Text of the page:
Sheila was first off the mark...

There was a young man called Palladio
Who built a house near the Limpopo
Upon its completion
It looked very Grecian
But the hippos had wanted Rococo.

There was a young man called Palladio
Who listened to sport on the radio.
When his team won the cup
He always jumped up
And ran round shouting 'ee-ay-addio'.

Since when, David and I have added a few of our own...

There was a young man named Palladio
Whose buildings became quite a fadio
Each column and pediment
Expressed what he said-'e-meant
But were over the top by a tadio.

There was a young man named Palladio
Whose hats were a bit of a fadio,
He invented a kitfer
Constructing a titfer
Which drove all the milliners madio.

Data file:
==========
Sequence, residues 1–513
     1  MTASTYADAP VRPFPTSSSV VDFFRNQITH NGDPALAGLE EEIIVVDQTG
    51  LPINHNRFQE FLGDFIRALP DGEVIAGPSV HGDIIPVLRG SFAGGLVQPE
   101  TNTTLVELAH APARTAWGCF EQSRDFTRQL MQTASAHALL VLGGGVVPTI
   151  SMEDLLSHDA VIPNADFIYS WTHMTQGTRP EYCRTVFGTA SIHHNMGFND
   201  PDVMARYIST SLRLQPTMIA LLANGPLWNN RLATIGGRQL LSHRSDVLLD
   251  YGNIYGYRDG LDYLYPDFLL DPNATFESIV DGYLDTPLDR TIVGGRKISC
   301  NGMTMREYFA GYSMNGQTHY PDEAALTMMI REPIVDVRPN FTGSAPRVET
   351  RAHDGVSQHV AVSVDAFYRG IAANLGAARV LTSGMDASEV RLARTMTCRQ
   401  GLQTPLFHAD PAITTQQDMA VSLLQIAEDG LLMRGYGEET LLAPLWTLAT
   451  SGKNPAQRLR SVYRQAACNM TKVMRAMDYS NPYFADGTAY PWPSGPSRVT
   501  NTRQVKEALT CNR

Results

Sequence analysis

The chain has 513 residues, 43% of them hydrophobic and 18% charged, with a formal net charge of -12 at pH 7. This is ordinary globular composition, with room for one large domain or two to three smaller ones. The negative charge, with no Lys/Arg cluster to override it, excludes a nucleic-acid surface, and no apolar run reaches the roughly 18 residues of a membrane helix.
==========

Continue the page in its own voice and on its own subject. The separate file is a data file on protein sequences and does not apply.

There was a young man named Palladio
Who behaved like a terrible cadio
The girls of Venezia
Soon had regretzia
And their offspring were calling him 'Dadio'.

The architect Signor Palladio
Built a really sumptuous padio
But the elaborate loggia
With its northern exposure
Was deemed by the critics as badio.

Any further offerings will - possibly - be much appreciated!

Image of San Giorgio Maggiore © Brian Sibley, 2009

Sunday, 26 April 2009


Bea Arthur

Farewell to one of the great characters in showbusiness and a wickedly funny lady.

Beatrice Arthur's roles on stage included Lucy Brown in the 1954 Off-Broadway premiere of Marc Blitzstein's English-language adaptation of Kurt Weill's Threepenny Opera, Yente the Matchmaker in the 1964 premiere of Fiddler on the Roof on Broadway, and her 1966 Tony Award-winning portrayal of Vera Charles to Angela Lansbury's Mame - a role she reprised in the 1974 film version, opposite Lucille Ball.